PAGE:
W3C home > Mailing lists > Public > www-style@w3.org > January 2011

Re: [CSS3] support for linear-gradients & radial-gradients

From: Tab Atkins Jr. <jackalmage@gmail.com>
Date: Wed, 12 Jan 2011 09:26:00 -0800
Message-ID: <AANLkTintsPjEtmrOuunar_7GhCuPMgkQpeWqmxzqedzv@mail.gmail.com>
To: Alan Gresley <alan@css-class.com>
Cc: Simon Fraser <smfr@me.com>, Peter Beverloo <peter@lvp-media.com>, Irfan Mir <theirf@gmail.com>, www-style@w3.org
On Wed, Jan 12, 2011 at 7:19 AM, Alan Gresley <alan@css-class.com> wrote:
> On 12/01/2011 3:58 AM, Simon Fraser wrote:
>> On Jan 11, 2011, at 5:03 am, Alan Gresley wrote:
> [snip]
>>> Hello Simon,
>>> With the new syntax, does WebKit show gradients from a<color>  to
>>> transparent un-premultiplied like the old syntax does? From yellow to
>>> transparent there were these steps,
>>>  rgba(255, 255, 0, 1);}
>>>  rgba(191, 191, 0, 0.75);}
>>>  rgba(127, 127, 0, 0.5);}
>>>  rgba(63, 63, 0, 0.25);}
>>>  rgba(0, 0, 0, 0);}
>>> which is interpolation in un-premultiplied space. In an old list message
>>> [1] you were leaning towards interpolation in premultiplied space as you
>>> mentioned here?
>> WebKit currently does color interpolation for gradients in
>> un-premultiplied space, because of limitations of the underlying graphics
>> library. We're tracking this as a
>> bug<https://bugs.webkit.org/show_bug.cgi?id=51844>.
>> Simon
> Why does this have to be a bug? The current behavior as seen in Gecko and
> WebKit is what one should expect from <color> to transparent. I have seen it
> said that this notation rgba(0,0,0,0) is transparent. This notation
> rgba(255,255,255,0) is also transparent. The later is the type of
> transparent that both Gecko and WebKit want to change to. Why?

I don't understand what you are trying to say or ask here.

> A transparent color does not have a point so it can not exist in any
> colorspace. It does not exist as a color apart from some concept which is
> very ambivalent.

No, transparent colors exist perfectly fine.

> As gradients are currently implemented by Gecko and WebKit, there are only 4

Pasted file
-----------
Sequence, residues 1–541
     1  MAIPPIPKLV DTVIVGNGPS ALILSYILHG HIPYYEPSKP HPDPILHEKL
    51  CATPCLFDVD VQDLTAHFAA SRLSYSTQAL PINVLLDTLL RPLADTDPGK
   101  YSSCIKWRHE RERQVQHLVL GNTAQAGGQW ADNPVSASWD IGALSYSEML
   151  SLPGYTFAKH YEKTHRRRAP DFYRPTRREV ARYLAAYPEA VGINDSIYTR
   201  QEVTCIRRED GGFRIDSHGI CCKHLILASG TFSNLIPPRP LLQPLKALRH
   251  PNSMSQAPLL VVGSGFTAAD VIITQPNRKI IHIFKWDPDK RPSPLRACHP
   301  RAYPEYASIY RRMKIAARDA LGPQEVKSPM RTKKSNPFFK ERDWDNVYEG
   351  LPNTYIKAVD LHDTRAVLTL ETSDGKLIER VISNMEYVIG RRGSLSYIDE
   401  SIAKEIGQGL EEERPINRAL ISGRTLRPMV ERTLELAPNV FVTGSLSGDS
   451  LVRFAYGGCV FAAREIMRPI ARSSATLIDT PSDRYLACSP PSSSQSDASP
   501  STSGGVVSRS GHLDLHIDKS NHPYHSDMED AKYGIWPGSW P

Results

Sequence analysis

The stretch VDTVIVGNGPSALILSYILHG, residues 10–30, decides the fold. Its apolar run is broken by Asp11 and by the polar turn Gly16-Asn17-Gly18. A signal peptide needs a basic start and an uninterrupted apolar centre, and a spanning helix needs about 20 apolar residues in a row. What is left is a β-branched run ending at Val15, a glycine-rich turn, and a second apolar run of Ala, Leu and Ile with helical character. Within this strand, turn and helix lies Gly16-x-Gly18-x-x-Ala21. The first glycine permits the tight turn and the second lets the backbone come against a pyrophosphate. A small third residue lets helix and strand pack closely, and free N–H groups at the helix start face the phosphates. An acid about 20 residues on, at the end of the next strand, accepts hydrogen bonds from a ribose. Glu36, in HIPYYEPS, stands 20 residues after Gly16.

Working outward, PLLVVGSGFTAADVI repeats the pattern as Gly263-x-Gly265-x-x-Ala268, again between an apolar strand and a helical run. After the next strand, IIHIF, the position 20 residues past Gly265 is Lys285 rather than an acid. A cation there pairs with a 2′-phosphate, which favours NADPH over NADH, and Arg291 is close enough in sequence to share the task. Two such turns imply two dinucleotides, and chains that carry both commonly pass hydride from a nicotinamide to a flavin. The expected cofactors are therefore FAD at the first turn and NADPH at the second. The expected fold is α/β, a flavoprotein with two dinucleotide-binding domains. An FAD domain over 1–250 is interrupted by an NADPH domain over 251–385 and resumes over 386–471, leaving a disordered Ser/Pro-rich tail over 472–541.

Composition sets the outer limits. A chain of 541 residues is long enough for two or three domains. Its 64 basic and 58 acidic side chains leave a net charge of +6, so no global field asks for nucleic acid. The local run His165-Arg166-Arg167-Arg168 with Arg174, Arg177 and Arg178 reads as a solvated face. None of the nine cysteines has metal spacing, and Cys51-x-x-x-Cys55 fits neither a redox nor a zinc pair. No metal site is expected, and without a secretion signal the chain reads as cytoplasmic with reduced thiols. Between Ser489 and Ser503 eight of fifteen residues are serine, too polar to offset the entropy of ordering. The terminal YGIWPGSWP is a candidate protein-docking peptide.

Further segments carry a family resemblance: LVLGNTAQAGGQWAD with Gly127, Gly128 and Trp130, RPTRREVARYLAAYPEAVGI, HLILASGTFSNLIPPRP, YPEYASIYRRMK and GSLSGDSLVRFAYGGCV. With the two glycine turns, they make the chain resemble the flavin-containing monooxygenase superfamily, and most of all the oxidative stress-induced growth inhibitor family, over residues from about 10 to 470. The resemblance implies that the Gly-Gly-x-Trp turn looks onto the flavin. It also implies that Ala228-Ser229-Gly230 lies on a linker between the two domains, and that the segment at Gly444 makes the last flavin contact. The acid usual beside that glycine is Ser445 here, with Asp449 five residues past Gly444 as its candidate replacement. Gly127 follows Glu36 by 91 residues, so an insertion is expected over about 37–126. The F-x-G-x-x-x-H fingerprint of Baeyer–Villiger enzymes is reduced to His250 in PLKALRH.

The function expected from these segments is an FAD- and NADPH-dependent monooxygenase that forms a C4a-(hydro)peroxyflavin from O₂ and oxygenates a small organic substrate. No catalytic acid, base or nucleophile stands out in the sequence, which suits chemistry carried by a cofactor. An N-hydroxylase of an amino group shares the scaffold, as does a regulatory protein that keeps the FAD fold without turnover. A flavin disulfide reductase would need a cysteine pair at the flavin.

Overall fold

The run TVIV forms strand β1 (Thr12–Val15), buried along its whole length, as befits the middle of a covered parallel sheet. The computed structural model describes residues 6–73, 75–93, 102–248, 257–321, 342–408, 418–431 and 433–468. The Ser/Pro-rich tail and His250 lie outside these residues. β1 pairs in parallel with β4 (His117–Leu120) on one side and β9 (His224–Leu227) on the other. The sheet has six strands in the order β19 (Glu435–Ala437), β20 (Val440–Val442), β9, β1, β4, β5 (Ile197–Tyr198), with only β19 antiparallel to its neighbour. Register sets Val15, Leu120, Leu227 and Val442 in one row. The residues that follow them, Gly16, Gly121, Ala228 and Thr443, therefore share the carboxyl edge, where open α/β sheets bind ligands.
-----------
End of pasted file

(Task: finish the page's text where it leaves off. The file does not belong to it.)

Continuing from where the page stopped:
> gradients that run in a direct line through sRGB colorspace. They are White
> to Black, Aqua to Red, Fuchsia to Lime and Yellow to Blue. The rest of the
> gradients from opaque <color> to opaque <color> either run through sRGB
> colorspace as cubic Bézier curve or quartic Bézier curve. If gradients
> become interpolated in premultiplied space then any gradient from <color> to
> transparent would run in a direct line in through sRGB colorspace.

No, all opaque colors are interpolated along a straight line in sRGB
space.  It doesn't matter whether you're using premultiplied colors or
not, as both color-spaces treat opaque colors the same.

> Is it correct that a gradient from Lime to Red has it midway point that is
> olive (#797900)? It also has the same saturation as the midway point between
> yellow and transparent interpolated in premultiplied space.

I forget exactly what color Lime corresponds to.  Is it just #0f0?  If
so, then yes, the midway point is #797900, exactly what you would
expect from a linear interpolation between #f00 and #0f0.

> I don't understand why the CSS WG or implementers would want a CSS gradient
> to behave differently from a SVG gradient. A SVG gradient from <color> to
> transparent is the same as the current Gecko and WebKit implemented CSS
> gradient which is interpolation in un-premultiplied space.

SVG gradients don't use RGBA colors - they have RGB colors and then,
separately, an opacity.  Implementations allow the SVG colors to be
rgba, though, and when that occurs they want to do interpolation in
premultiplied space, same as CSS.

> Another issue is how gradients from <color> to transparent on a dark
> background become dirty. This is seen in this test.
> <http://css-class.com/test/css/colors/color-layer-above-below.htm>
> Example 5 is a SVG. Example 9, 10 and 11 are what gradients from <color> to
> transparent would look like if interpolated in un-premultiplied space. At
> the bottom of the viewport is some buttons to change the background color.
> Underneath the test are various screenshots.
> <http://css-class.com/test/css/colors/gradient-test1.htm>
> The second example for "yellow - transparent" shows yellow polluting the
> background. The beginnings of the gradient don't fall of quick enough in
> intensity and hides the backgrounds in some examples.

What you're seeing is the fact that transitions from opaque colors to
transparent in non-premultiplied space get darker as they progress.
Try doing a transition from opaque white to transparent over a white
background, and you'll see it very clearly - you'll get an image that
starts white, darkens to gray, and then lightens to white again.

Received on Wednesday, 12 January 2011 17:26:53 UTC

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